Dogwood Anthracnose: If you missed the spring sprays topical fungal sprays, and you see signs of anthracnose on your tree’s leaves (reddish, purplish, brownish splotches), you can spray your trees with a basal bark fungicide. Call GNTS, Inc. for information on this treatment.
Verticillium Wilt: The fall is the best time to treat, and spring is the second best time. Maples are especially plagued by this disease. During hot weather, symptoms include smaller than normal cupped leaves in the upper canopy, often with the death of the entire branch occurring.
Elsewhere in the Garden
Put slug bait around your flowers and tender perennials like hostas.
Apply two to three inches of mulch (e.g. bark dust, garden compost or wood chips) on all of your shrub beds. Covering bare dirt areas in your yard with mulch helps to prevent soil compaction from rains, and weed growth, and helps to enrich our heavy clay soils.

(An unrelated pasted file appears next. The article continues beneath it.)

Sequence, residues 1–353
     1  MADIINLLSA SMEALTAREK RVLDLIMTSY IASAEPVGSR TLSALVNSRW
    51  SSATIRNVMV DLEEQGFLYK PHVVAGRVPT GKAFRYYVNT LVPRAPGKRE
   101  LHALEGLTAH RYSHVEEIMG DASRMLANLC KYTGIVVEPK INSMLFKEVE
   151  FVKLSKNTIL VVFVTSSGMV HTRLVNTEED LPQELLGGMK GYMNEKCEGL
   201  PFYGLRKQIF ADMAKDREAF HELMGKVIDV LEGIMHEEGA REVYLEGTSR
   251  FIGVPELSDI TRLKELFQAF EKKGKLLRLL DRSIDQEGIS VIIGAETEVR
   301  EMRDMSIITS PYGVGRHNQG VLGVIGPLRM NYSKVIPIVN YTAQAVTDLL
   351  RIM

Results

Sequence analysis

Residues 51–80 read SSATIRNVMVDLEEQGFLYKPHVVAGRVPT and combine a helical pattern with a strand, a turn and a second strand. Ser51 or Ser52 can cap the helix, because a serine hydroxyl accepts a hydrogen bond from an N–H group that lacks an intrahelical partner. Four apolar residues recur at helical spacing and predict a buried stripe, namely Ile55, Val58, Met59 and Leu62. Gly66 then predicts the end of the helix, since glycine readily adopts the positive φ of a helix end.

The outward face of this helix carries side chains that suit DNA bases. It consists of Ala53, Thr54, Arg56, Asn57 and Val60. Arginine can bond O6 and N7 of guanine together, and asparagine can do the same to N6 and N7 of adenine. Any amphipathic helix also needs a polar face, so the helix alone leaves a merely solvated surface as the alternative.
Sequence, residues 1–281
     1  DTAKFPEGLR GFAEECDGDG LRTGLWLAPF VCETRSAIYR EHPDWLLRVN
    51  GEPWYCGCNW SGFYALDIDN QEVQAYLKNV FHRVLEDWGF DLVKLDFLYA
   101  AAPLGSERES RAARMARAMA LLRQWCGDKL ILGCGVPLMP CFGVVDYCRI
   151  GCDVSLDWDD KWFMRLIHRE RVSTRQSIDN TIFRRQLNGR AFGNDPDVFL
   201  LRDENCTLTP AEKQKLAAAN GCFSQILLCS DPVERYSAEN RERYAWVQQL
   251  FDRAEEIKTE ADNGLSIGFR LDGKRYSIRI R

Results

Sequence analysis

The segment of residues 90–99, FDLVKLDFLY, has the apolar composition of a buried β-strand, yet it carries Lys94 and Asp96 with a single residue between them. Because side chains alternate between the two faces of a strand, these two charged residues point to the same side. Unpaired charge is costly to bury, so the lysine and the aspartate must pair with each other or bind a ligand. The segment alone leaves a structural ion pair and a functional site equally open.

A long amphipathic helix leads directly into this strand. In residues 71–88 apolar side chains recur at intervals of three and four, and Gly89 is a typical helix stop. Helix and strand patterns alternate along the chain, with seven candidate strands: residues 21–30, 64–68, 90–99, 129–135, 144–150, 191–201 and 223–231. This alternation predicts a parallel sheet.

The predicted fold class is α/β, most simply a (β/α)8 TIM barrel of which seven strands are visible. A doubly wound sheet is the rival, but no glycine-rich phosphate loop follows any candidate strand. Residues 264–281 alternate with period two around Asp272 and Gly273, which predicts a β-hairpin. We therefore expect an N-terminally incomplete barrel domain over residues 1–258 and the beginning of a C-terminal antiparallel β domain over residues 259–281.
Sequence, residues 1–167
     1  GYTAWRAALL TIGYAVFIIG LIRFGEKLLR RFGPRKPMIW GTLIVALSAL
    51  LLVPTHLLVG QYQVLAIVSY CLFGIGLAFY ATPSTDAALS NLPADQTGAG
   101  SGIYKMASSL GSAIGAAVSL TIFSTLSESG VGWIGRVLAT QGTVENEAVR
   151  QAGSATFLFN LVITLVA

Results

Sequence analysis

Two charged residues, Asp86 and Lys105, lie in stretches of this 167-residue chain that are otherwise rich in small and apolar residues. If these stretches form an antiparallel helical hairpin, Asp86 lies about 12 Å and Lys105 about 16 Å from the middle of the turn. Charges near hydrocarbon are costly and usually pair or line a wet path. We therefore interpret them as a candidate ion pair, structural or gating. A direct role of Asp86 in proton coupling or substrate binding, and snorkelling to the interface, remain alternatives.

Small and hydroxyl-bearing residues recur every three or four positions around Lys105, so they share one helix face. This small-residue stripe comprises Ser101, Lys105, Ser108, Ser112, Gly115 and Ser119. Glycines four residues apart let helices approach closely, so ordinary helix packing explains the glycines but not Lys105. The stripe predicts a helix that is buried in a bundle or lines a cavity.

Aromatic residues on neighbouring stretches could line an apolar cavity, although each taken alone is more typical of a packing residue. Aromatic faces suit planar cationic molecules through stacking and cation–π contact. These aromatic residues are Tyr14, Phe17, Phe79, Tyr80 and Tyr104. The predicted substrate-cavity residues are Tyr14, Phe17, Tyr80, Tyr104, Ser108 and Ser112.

Cut English ivy off of the base of trees. (This can be done any time of the year.)
Feed the birds. Dutifully maintain your bird feeders. Bring life and excitement to your backyard by turning it into a bird sanctuary. The birds will thank you for your generosity by providing you with hours of entertainment, and by eating insect pests that harm your ornamental trees and shrubs. Birds in the yard are not only fun to watch, but they perform the vital task of eating harmful insects. Keep bird baths full. In hot and dry weather, birds need water to drink and to bathe in.
This is a good time of the year to plant trees and shrubs. Visit your local nursery and select your favorite ornamental shrubs and shade trees. After planting your new shrubs, just make sure that you water them well immediately and regularly subsequently for the first two or three summers until their roots get established. During warm weather (in the 60s to low 80s), deep root water once per week. During hot weather (mid-80s and higher) deep root water at least twice per week.
Fertilize your lawn. The cooler, wetter fall weather is also an excellent time to overseed your lawn to fill in the thin and bare areas.
Mid to late fall: Prune your roses down by about one-third and remove any dead flowers and dead or diseased canes.
Anytime of the year: Heavily mulch your roses. Organic mulch (such as wood chips, rotted compost, rotted manure) is the best. While barkdust helps to hold moisture in the soil, it contains little or no nutrients, so it doesn’t feed the soil and thus won’t feed your roses.